pling proteins (UCP) and the nuclear receptor for fatty acids PPAR (Langdown et al.,
2001a, b). Perhaps crucially, given the documented association between overexpres-
sion of cardiac calreticulin and cardiac dysfunction and death, antenatal glucocor-
ticoid exposure increases calreticulin levels markedly in the adult heart (Langdown
et al., 2003). Thus, these experimental models teach that increased coronary heart
disease in low-birth-weight populations may re¬‚ect both an increased prevalence
of major cardiovascular risk factors as well as primary cardiac dysfunction.

Programming of glucose“insulin homoeostasis and metabolic functions
Prenatal glucocorticoid overexposure also ˜programmes™ permanent hyperglycaemia
and, particularly, hyperinsulinaemia in the adult offspring in the rat (Nyirenda et al.,
1998; Sugden et al., 2001), effects delimited to the last third of gestation. Gestational
11 -HSD inhibition has similar adult hyperglycaemic effects (Lindsay et al., 1996b).
Earlier gestational dexamethasone exposures or post-partum steroids do not pro-
gramme hypergylcaemia/hyperinsulinaemia in the rat, de¬ning a tight window for
this effect (Nyirenda et al., 1998; 2001). Maternal glucocorticoid administration has
an effect on cord glucose and insulin levels in the ovine fetus (Sloboda et al., 2002b).
Adult glucose“insulin dyshomoeostasis also occurs in sheep exposed to dexametha-
sone in utero (Dodic et al., 1998; Gatford et al., 2000), though the sensitive ˜windows™
again appear to be earlier than in the rat and can be dissociated from those produc-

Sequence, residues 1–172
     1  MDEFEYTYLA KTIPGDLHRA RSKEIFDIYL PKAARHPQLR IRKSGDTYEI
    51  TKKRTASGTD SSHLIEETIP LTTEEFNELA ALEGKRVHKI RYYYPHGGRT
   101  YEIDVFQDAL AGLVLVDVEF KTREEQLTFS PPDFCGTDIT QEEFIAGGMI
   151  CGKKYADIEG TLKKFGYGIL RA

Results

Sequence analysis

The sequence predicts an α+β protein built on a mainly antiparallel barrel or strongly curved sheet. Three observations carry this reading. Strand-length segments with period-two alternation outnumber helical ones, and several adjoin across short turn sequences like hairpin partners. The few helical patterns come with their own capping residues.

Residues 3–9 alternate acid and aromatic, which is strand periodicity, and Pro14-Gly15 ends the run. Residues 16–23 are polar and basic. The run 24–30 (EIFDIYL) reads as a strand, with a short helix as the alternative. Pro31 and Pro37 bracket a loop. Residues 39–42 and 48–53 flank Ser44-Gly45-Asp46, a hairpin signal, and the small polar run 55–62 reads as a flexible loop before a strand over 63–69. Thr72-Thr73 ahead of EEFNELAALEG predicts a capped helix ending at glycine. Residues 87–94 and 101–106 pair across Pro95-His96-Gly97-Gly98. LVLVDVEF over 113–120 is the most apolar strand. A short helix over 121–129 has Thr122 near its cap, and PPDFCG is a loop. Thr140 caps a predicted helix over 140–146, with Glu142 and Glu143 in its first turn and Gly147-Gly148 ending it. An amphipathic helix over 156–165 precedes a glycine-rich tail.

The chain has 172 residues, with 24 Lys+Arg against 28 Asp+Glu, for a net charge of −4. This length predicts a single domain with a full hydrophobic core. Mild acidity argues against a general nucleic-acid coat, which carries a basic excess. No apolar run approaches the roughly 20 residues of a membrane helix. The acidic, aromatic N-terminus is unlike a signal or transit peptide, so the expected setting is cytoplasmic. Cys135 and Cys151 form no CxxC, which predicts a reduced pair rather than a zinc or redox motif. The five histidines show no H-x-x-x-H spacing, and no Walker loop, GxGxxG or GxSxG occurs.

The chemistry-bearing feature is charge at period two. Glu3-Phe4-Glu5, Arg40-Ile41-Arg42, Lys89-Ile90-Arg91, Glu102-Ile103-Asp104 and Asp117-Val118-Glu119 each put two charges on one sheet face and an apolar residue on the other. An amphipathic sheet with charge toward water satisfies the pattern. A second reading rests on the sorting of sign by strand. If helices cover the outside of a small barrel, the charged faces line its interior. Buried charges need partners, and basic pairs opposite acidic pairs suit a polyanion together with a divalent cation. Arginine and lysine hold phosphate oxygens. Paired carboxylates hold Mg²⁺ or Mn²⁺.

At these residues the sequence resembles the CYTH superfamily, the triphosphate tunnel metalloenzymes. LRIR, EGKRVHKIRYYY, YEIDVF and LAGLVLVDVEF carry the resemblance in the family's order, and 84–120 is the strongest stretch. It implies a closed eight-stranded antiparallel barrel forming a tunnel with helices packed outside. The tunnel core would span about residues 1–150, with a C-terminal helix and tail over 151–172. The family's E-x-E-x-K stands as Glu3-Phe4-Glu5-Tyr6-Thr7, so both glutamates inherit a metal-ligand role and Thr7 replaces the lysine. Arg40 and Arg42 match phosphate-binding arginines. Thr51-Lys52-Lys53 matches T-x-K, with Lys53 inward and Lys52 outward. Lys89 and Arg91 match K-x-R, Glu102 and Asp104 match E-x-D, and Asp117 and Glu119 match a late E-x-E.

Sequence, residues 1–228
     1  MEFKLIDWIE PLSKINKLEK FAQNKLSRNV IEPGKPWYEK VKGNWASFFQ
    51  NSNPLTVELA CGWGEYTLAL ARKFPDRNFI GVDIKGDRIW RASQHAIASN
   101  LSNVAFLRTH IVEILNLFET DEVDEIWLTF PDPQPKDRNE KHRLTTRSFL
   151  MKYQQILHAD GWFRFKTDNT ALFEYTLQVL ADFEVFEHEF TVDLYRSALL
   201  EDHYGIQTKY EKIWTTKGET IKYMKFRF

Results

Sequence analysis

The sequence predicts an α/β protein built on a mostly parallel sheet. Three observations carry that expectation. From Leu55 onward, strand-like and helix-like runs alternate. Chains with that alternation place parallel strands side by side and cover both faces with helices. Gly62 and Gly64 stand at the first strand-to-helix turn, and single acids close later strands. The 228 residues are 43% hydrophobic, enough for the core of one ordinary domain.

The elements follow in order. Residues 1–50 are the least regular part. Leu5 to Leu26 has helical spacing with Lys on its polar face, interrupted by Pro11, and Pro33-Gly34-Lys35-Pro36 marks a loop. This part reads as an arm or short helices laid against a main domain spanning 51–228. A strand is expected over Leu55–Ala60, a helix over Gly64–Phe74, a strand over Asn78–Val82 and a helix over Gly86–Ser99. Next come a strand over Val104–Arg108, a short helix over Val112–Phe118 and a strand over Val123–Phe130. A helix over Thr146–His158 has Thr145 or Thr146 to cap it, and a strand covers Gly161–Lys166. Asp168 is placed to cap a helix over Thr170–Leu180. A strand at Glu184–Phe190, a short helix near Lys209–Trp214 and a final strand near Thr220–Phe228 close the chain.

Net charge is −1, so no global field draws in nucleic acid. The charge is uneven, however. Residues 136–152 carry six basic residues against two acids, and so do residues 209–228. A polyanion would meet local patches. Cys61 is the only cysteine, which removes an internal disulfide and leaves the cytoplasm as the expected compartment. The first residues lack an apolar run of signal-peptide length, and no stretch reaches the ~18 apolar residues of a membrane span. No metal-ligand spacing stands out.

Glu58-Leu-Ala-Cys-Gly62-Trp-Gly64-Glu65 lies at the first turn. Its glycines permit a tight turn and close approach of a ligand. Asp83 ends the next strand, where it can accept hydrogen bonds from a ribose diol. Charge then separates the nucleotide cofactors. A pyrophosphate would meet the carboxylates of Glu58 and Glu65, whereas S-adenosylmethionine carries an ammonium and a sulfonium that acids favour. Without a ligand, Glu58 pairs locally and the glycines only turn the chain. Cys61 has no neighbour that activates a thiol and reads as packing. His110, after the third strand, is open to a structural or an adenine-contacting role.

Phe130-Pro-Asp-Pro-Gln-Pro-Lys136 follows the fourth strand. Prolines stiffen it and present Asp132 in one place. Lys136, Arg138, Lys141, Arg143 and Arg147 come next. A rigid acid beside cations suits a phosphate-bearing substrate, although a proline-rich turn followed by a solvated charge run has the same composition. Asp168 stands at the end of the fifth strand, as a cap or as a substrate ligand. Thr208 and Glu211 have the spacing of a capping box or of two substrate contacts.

ing with hypertension. Importantly, in the ovine model, antenatal glucocorticoid
exposure alters adult glucose metabolism whether or not there is prior fetal growth
restriction (Moss et al., 2001). Speci¬cally, maternal but not fetal injections of
betamethasone restrict fetal growth (Newnham et al., 1999); however, offspring of
both the groups have altered adult glucose dynamics (Moss et al., 2001). Thus, it
appears that the programming effects on glucose“insulin homoeostasis in this
model relate to fetal exposure to excess glucocorticoids in utero, rather than any pri-
mary effect of intrauterine growth retardation per se.

Mechanisms of glucocorticoid-programmed hyperglycaemia/insulin resistance
Several important hepatic metabolic systems are regulated by glucocorticoids, includ-
ing key enzymes of carbohydrate metabolism such as phosphoenolpyruvate car-
boxykinase (PEPCK), a rate-limiting enzyme in gluconeogenesis. In rats, exposure
153 Prenatal glucocorticoids and the programming of adult disease



Liver
GR